— CHEE-TER: The man who didn’t invent Flamin’ Hot Cheetos: “The idea that grew into Flamin’ Hots didn’t come from Rancho Cucamonga, or California, or even Frito-Lay’s home base in Texas. Six of the former employees remember inspiration coming from the corner stores of Chicago and Detroit,” via Los Angeles Times.
— Big Nick Cave retrospective, a first for the Chicago artist, announced for MCA next year, by Tribune’s Christopher Borrelli
— EARMARKS: Guess who leads the list of suburban projects: “Of the eight area representatives whose requests were analyzed by the Daily Herald, Republican Adam Kinzinger of Channahon had the greatest total, with nearly $82 million in solicited funds. To prevent misuse, lawmakers must detail requests on their official websites — although some representatives have made their lists easier to find than others,” by Daily Herald’s Russell Lissau.
— Group pushes county to replace Columbus Day with Indigenous Peoples’ Day: “Cook County is scheduled to hold a hearing on the proposed change next week and will likely vote on it in June,” by Sun-Times’ Mitch Dudek.
— NU president says he knew ‘optics’ of hiring Polisky would be tough: “President Morton Schapiro said he chose to do so after an independent investigation cleared Mike Polisky of wrongdoing while he was deputy athletic director. Schapiro has faced intense criticism and even protests outside his Evanston home over his handling of sexual harassment allegations involving cheerleaders, donors and Wildcat fans,” by WTTW’s Paul Caine.
— Giannoulias gets Downstate county chairs’ endorsement for SOS Democratic nomination: “The 22-county Southern Illinois Democratic County Chairs’ Association voted to endorse Giannoulias for the nomination in the March 2022 primary. In addition, Giannoulias said four other Downstate counties gave their endorsement,” reports Tribune’s Rick Pearson.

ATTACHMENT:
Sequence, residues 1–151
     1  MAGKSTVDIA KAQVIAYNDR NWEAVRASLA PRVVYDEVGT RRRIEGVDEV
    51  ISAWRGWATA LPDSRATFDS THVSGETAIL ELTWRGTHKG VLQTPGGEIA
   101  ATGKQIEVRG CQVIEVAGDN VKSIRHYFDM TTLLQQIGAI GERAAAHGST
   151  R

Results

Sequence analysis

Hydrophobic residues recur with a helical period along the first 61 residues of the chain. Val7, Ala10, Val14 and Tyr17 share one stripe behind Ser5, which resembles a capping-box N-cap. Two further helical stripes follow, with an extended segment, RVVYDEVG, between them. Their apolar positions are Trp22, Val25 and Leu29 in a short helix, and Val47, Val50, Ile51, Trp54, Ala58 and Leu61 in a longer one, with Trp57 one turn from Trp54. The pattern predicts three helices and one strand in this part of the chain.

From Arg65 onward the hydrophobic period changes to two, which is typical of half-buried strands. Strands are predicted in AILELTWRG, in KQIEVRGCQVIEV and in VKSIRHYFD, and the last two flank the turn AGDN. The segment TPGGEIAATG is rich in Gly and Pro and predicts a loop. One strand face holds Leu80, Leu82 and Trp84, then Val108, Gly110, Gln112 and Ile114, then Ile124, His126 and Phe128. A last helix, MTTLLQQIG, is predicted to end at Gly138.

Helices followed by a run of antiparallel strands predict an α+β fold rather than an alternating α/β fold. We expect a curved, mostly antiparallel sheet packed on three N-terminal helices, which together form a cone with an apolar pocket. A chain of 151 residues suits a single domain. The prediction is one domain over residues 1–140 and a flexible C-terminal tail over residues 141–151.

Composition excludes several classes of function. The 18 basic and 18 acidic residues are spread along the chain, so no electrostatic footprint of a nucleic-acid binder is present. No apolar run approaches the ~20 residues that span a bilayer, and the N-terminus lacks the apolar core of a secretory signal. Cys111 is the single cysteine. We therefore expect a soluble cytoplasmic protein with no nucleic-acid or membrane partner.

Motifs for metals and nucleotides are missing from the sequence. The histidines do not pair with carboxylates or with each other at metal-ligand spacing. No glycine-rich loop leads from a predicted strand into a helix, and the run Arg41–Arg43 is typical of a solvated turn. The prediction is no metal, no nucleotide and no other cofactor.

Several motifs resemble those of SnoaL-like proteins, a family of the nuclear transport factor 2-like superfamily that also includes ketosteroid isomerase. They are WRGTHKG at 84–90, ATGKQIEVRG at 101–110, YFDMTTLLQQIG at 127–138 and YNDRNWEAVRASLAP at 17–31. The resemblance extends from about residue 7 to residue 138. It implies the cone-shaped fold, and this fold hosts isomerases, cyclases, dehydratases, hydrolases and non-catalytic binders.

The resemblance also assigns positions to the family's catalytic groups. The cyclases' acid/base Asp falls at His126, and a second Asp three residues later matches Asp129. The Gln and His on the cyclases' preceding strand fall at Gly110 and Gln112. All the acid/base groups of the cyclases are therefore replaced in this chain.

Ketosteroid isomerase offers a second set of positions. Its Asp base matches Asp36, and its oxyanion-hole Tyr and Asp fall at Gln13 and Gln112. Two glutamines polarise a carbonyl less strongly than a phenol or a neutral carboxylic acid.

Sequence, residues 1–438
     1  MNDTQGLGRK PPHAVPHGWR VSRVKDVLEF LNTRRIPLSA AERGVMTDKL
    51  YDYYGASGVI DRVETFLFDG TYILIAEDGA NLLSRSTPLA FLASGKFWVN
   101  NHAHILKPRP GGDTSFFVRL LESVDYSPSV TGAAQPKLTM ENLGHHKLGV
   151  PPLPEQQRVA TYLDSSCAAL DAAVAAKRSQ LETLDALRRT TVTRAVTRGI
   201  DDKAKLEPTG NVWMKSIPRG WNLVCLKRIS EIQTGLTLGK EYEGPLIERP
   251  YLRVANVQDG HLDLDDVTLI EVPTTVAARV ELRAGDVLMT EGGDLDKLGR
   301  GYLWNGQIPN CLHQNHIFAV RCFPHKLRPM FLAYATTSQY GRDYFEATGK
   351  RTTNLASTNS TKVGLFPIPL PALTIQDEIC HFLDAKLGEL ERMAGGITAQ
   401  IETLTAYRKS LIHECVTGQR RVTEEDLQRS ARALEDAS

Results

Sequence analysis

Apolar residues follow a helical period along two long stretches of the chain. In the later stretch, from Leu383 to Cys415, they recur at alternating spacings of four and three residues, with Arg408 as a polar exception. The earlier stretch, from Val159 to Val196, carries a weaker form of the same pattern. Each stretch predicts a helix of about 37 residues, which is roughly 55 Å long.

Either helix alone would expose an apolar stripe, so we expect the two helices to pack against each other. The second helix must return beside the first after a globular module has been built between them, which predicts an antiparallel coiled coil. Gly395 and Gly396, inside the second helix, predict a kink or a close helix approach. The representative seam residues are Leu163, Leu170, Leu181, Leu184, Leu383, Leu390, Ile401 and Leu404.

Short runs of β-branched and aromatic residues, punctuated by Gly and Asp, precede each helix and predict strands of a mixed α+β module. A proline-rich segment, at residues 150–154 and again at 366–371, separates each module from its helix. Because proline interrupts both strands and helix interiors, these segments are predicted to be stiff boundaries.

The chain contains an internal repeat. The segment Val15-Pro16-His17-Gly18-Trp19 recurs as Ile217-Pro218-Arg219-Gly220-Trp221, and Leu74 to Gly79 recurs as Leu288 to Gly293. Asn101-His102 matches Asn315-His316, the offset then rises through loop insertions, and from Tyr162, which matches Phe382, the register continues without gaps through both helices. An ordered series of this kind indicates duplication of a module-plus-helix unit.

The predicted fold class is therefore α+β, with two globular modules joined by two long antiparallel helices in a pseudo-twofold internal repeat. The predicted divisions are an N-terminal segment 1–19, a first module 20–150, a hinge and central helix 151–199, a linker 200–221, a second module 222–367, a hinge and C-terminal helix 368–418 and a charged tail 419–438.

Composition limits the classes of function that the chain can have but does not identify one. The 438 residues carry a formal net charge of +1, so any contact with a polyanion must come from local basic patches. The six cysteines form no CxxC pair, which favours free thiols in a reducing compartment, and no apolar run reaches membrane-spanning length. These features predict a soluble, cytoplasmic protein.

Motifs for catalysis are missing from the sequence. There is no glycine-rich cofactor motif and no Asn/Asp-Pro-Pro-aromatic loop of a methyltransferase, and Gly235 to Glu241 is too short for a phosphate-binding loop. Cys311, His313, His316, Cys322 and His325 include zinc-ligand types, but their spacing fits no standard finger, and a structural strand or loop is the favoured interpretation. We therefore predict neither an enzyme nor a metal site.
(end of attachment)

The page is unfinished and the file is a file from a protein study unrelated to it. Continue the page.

Feds seeking plea deal with ex-Cook County debt collector: Donald Donagher Jr, who was Penn Penn Credit’s CEO, is alleged to have sought “to bribe court clerks, including former Cook County Circuit Court Clerk Dorothy Brown, to land or keep contracts,” by Cook County Record’s Jonathan Bilyk.
The uncertainty of study abroad: “Though local universities planned to relaunch programs this fall, some of the most popular study abroad locations — France, Spain and Italy — were recently singled out on the U.S. State Department’s ‘Do Not Travel’ list, which could change the outcome,” by Tribune’s Elyssa Cherney.
— Kamala Harris broke multiple barriers and found a tricky balancing act on the other side, by POLITICO’s Anita Kumar
— Cheney, unbound, settles into the ‘bull’s-eye of controversy,’ interview with POLITICO’s Melanie Zanona and Olivia Beavers
— Supreme Court will hear direct challenge to Roe v. Wade, by POLITICO’s Alice Miranda Ollstein
— Val Demings to run for Senate against Rubio, by POLITICO’s Marc Caputo
— Opinion: How Biden can be a leader in an Israeli-Palestinian conflict that has none, by Daniel Kurzer, a former ambassador to Israel, and Aaron David Miller a former State Department Middle East analyst, adviser and negotiator
— The ‘Hungry Hound’ has a new job in town: “Steve Dolinsky made a name for himself covering the restaurant industry for ABC7. Now he’ll help match restaurants and landlords for a real estate firm,” by Crain’s Ally Marotti.
— Kara Highfill is now chief of staff for Cook County Commissioner Bridget Gainer. She previously was advocacy director and senior adviser for state Treasurer Michael Frerichs.